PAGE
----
There I was … learning a lesson in cultural (in)sensitivity. I was asked to support a meeting for planning an upcoming airshow. My company was a big supporter, and the organizer thought I would be an asset working with the local ministry of defense. I met the organizer’s people at the MOD main gate – two young ladies. We headed in to talk to the assistant undersecretary of something – that is, and old-guy. We got the usual coffee and tea and moved on to business … kind of. This guy spent much of the meeting telling these gals how cute they were and touching a knee or elbow. They spent the meeting giggling and attempting to keep the discussion on target. I did my part offering company support and support of the embassy (which I knew would be forthcoming). As we were leaving, the undersecretary suggested they re-meet later in the week for lunch (not including me).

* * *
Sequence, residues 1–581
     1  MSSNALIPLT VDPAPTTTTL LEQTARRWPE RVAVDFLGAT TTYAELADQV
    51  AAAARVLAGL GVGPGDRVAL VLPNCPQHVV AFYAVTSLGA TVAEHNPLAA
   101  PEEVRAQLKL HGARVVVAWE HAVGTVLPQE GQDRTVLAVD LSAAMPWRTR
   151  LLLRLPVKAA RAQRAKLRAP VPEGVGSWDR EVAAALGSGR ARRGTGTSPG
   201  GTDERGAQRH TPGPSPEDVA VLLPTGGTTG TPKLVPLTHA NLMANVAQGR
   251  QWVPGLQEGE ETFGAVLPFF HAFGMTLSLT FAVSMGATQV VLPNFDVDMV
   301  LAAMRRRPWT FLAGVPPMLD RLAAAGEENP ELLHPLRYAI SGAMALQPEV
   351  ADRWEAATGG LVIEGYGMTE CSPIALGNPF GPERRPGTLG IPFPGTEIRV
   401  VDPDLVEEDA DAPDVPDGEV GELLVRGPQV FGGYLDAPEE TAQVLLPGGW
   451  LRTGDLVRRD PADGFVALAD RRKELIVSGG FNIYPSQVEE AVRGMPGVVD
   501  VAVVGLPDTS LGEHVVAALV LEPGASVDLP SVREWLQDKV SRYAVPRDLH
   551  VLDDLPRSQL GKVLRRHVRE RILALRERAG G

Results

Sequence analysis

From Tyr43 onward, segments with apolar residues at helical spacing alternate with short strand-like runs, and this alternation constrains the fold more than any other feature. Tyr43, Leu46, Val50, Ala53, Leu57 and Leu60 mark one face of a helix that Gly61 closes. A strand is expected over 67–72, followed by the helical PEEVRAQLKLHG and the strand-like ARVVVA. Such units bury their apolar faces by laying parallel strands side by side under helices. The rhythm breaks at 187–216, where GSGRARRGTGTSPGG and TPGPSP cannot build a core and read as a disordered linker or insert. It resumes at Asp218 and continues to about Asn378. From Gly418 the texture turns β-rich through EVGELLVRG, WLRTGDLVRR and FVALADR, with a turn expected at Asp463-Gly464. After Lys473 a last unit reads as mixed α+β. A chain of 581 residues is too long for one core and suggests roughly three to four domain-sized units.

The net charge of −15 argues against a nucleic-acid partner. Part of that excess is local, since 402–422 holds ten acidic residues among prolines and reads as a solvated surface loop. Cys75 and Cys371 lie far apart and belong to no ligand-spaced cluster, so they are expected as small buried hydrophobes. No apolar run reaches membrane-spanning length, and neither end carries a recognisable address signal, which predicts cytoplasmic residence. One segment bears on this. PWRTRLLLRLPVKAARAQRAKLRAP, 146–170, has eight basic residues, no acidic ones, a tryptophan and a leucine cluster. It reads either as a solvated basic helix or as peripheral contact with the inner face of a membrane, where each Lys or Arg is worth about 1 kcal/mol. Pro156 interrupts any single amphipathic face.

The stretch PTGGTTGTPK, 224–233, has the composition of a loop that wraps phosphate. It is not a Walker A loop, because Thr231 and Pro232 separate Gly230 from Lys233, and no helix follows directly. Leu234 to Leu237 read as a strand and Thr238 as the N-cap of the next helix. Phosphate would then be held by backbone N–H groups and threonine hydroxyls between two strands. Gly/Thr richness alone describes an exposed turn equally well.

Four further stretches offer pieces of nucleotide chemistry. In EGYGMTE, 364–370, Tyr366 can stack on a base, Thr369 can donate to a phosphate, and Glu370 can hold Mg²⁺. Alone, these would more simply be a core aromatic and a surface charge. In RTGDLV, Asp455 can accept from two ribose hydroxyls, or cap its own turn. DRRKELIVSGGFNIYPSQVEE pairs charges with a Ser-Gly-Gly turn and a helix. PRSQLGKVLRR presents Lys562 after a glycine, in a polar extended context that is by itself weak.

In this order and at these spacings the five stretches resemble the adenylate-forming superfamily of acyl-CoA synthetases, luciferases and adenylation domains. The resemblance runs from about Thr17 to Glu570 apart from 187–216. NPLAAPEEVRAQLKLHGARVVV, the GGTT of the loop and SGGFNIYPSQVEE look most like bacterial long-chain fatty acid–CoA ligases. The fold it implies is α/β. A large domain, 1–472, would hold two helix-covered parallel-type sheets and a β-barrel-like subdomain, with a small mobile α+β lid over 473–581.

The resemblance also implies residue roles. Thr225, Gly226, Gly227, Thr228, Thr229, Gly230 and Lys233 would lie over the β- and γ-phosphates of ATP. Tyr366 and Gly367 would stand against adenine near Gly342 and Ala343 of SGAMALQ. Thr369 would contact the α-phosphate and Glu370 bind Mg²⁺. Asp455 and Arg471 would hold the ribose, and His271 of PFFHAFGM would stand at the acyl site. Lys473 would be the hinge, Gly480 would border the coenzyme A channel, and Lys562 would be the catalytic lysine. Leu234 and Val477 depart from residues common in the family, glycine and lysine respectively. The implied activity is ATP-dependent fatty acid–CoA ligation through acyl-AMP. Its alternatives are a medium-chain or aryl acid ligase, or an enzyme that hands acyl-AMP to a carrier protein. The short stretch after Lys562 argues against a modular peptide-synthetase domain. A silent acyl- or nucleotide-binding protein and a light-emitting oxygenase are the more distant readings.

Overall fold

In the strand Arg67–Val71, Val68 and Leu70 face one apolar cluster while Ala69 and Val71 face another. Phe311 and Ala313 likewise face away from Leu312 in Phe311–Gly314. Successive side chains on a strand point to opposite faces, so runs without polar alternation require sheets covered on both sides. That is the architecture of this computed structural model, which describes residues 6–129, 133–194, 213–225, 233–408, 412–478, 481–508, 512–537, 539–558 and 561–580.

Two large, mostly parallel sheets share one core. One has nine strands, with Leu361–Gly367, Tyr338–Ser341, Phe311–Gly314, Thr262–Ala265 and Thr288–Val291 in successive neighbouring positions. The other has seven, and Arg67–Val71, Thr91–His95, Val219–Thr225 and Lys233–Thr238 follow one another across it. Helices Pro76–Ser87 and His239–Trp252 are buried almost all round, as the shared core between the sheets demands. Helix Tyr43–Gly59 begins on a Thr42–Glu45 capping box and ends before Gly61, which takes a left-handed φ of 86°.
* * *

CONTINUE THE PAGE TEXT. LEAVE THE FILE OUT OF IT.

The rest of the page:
We collected our identification and left the premises. At that point, comfortably out of earshot, I turned to the ladies and expressed my horror, as an American, at what they had just gone through in terms of harassment and apologized for a male colleague’s behavior. To my amazement, they just laughed. They said it happens all the time here, they were used to it, and nothing ever comes of it. I said it wouldn’t happen now in the US …. Of course, this was a country that still ran hiring advertisements requesting good ‘front office appearance’ and that resumes should have a photo – long after the US had pretty much abandoned that bit.
I did have a receptionist, though – nice young local gal. One of my older colleagues in town on a business trip was flirting with her as he left the office; this guy was quite fun, but obviously considered himself a bit of a ladies’ man. He left her giggling as he returned to the hotel. Her comment: “That Joe – such a character. I wish he were my Uncle.” I left the office laughing on that note. I had the delight in telling Joe later that night her comment … and he was devastated! He had hoped to be considered for a younger role!
Moral: Repeating an earlier moral, cultures and customs differ, and you must be adaptable to the local situation. Polite, but adaptable.